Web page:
Very jealous that you have seen the new Jane Eyre…still waiting for it to come here…I have to admit, I have never liked anything ‘Victorian’ (never understood why a woman would want to enahance her behind with those bustles – please…I know men like ‘big butts’ as the song goes, but this is kind of ridiculous) because they always seemed to be so reserved – so I will be anxiously awaiting hearing more about your research into their ‘nastier’ side…I love the boots! And the dresses! Though my favorite is the gold one with the roses and red bow at the waist. As for my week…I think I will tackle some spring cleaning, try to save my rose bushes after they were clobbered by heavy snows falling off the roof this winter…oh yes, and watch my dvds of Law and Order UK…

Rachel
11 years ago

Dtchycat: In my research for the history of women’s underwear the bustle became popular because men and women realized they could cheat on their spouses with anal sex and not get pregnant so the butt became very sensual. That was just from one source though and I gave the speech over 10 years ago. Imagine being a fresh-faced 18-year-old and saying that in front of all your peers and your very proper former Miss Alabama 1964 professor.

Amanda McCabe/Laurel McKee

Rachel, I must find that pop-up book! (And LOL on the bustles. Glad my heroines won’t be ewaring THOSE yet…)

Dtchycat, that gold dress is actually the one she’s wearing in “Young Victoria”–I loved the rose trim so much. Would love to have a dress like that myself

Diane Gaston
11 years ago

These clothes don’t make me sigh like Regency gowns, but they are very beautiful for the time period.

This week I am WRITING…and picking up my taxes, and getting my brand new car’s air conditioning fixed, and getting my hair cut.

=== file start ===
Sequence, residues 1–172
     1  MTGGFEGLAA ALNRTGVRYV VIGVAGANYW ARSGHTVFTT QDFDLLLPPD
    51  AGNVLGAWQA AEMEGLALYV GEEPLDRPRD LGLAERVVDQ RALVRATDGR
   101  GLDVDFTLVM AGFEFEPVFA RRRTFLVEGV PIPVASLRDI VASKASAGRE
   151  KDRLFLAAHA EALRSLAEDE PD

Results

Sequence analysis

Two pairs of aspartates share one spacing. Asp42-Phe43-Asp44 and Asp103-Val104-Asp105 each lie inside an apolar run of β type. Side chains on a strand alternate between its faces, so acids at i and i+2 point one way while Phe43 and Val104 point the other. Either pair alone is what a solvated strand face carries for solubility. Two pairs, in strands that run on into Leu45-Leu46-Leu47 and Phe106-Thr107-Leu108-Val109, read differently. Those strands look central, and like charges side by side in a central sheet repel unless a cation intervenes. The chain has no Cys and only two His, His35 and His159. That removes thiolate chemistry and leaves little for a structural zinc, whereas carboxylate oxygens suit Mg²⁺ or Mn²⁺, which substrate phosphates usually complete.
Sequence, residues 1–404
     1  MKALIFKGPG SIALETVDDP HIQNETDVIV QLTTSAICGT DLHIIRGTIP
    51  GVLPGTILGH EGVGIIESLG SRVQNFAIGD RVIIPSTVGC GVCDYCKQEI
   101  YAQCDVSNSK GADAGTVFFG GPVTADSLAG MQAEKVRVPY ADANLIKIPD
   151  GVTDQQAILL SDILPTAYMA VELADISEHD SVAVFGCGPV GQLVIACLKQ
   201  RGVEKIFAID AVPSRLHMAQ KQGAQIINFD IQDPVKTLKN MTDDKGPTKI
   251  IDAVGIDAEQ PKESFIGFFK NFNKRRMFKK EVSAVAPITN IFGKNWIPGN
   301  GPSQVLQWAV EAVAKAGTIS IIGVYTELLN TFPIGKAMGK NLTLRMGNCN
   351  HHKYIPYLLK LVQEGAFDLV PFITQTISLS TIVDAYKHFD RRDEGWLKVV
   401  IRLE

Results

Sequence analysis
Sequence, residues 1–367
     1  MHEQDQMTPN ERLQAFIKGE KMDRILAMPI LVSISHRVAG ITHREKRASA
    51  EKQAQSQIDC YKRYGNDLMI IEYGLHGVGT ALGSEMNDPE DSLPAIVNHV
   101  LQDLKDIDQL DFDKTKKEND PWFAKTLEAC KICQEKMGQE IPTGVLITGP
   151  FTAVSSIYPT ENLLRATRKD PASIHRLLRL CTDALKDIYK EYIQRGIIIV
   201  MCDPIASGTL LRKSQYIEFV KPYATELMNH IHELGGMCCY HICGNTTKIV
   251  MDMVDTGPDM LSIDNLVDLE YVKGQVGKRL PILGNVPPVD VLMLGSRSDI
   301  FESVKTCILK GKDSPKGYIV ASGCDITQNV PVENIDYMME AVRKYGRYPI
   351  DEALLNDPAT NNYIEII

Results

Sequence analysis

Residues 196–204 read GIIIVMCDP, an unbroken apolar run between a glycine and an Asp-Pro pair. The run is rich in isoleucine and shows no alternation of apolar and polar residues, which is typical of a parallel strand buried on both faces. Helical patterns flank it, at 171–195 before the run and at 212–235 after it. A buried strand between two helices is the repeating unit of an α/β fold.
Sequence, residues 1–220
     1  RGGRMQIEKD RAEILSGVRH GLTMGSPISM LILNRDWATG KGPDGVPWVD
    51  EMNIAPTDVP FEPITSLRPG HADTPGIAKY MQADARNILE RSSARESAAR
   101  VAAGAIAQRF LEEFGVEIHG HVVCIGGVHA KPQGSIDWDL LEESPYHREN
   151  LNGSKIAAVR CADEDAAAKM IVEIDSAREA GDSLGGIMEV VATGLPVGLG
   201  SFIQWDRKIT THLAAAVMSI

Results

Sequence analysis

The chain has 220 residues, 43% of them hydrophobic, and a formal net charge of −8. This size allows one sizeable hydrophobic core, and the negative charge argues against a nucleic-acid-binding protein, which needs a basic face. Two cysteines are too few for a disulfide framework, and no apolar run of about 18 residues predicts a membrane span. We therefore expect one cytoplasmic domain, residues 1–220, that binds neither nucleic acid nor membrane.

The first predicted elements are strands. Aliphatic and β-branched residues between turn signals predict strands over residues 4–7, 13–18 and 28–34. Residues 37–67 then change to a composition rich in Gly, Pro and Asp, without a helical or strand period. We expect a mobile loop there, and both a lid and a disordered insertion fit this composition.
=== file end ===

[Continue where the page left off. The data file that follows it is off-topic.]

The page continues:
Probably no Jane Eyre for me until the book is done. I did love Young Victoria, though.

Louisa Cornell
11 years ago

WOW, Amanda! I LOVE your fashion photos! They are always fabulous! I haven’t seen the new Jane Eyre, but I definitely want to and yes, the Timothy Dalton version is my favorite.

I have to find that pop-up book! I have a thing for pop-up books. My favorite one is one I have on phobias. Very cool.

The Regency era is my one and only when it comes to writing, but I do love to read a good Victorian set romance. Looking forward to yours!

Rachel
11 years ago

Louisa: If you love pop up books this one is a MUST:

http://www.amazon.com/Botticellis-Bed-Breakfast-Jan-Pienkowski/dp/0684835231/ref=sr_1_1?ie=UTF8&s=books&qid=1302655070&sr=8-1

It’s my favorite and I have a very nice one.

Louisa Cornell
11 years ago

Oh Rachel, thank you! It looks gorgeous and I LOVE the idea. It went straight onto my wish list! My brothers always get me a present from my dogs and cats for Mother’s Day. I am telling both of my SIL’s THIS is what I want!

Cara King
11 years ago

I really liked the new Jane Eyre. I think some versions make her seem meek and good, but this version IMHO grabbed hold of her essential nature, the girl who even as a child would question adults, teachers, authority, church teachings — anything. A real free-thinker in her own way, and stubborn as anything.

And I *loved* the countryside….

I think I still prefer Dalton as Rochester, though. 🙂 And Blanche Ingram did nothing for me.

Cara